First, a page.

In order to better serve our users, the LF team has worked to offer mosaics of LF 2016 Remap CONUS and HI in .tif only format. This update to mosaics will be available starting January 2021. By offering .tif only in mosaic downloads we have considerably increased the download speed. For this update, LF also worked to incorporate a consistent naming convention for the mosaics and the contents within the mosaic download bundle. Please note that the data within the mosaics is unchanged; this update is focused purely on improving usability of LF products. Products downloaded using the LANDFIRE Data Distribution Site or the LANDFIRE Data Access Tool are still available in Arc GRID format.
Decorative map with text overlay: Join us for LANDFIRE'S (Informal) Open office hours; Drop in, ask questions, get help navigating the LANDFIRE product suite, find and use the best data for your work
Curious about LANDFIRE?

Grab that third cup of coffee and join a LANDFIRE team member (or two) for an informal, back and forth open office hours chat.

These 1-hr (informal) office hour chats will help you:

1. Learn how to best use LANDFIRE data within the context of your work (get some free help!)*
2. Troubleshoot common LANDFIRE questions (have a question, bring it)
3. Get familiar with the best (and worst) uses of LANDFIRE data (see LANDFIRE data in action)

What can you expect?
1. A LANDFIRE team member will host a short demo or LANDFIRE-themed presentation (addressing the topic outlined in the schedule below).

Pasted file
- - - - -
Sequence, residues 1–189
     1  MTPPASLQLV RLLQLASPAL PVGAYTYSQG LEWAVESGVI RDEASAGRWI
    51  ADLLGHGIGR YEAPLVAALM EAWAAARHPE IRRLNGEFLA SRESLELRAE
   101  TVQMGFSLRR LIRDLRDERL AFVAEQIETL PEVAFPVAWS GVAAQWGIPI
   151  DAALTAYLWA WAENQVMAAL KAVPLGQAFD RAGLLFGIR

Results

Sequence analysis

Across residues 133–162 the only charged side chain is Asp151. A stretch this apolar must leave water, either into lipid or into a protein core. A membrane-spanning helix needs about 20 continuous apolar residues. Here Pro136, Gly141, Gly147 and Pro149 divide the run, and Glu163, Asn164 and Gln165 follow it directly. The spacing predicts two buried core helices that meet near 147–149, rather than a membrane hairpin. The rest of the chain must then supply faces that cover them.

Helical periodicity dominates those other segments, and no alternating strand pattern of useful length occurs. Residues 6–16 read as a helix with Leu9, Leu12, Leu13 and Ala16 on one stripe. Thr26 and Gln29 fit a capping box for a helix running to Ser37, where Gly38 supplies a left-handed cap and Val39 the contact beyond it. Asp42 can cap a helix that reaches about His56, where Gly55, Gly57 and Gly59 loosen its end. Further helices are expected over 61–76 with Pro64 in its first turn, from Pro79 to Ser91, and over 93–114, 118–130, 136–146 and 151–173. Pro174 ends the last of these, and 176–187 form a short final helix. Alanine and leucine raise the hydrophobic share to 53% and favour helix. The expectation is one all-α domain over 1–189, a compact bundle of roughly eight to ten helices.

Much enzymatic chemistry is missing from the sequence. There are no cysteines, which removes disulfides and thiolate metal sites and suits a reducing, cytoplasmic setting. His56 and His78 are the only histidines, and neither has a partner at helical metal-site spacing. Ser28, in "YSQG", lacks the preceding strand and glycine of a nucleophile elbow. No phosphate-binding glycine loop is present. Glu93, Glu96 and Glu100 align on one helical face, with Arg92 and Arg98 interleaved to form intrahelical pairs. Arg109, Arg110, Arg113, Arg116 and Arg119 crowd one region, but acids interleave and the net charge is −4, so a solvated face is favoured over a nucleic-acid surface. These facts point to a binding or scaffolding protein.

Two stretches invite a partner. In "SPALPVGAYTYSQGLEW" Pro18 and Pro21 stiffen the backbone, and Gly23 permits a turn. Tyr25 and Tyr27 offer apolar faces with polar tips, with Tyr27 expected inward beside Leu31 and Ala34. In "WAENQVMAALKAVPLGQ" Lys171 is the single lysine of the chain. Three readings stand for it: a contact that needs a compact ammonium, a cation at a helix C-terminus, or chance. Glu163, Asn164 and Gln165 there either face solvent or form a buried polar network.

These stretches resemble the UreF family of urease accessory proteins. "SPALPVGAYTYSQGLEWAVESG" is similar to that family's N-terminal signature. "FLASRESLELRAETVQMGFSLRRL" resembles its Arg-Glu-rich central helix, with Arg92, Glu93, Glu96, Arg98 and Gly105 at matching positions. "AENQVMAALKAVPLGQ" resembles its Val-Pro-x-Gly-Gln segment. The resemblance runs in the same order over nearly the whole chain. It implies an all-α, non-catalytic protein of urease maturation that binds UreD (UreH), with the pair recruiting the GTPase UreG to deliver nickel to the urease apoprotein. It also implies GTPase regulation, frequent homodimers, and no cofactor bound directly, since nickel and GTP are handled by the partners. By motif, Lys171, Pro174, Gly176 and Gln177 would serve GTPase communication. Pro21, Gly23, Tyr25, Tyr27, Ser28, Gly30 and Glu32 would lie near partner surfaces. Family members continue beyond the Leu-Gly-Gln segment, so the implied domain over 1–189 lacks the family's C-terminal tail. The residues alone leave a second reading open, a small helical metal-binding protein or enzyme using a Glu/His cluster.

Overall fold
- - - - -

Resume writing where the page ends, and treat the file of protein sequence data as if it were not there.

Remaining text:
2. At least 40 minutes to dig into your questions (bring your LANDFIRE-related problems, ArcMap projects (they need not be complete), R code (in progress is okay) and we will troubleshoot, brainstorm and investigate them together.

LAST Thursday of each month
Time: 1 - 2 pm (ET) | REGISTER - this link will not change from month to month

Schedule: January 28: Learn the ways to download / access LF data
February 25: Make a historical fire regime map
March 25: Generate a wildlife habitat map
April 29: Your topic here: email
May - Dec: TBD

*Do you have a question about LANDFIRE right now? Please submit questions or topics you would like discussed to Megan Dettenmaier ( and she will make sure they are addressed. If your schedule works better for a particular month on the last Thursday, please let Megan know so she can schedule it when you attend.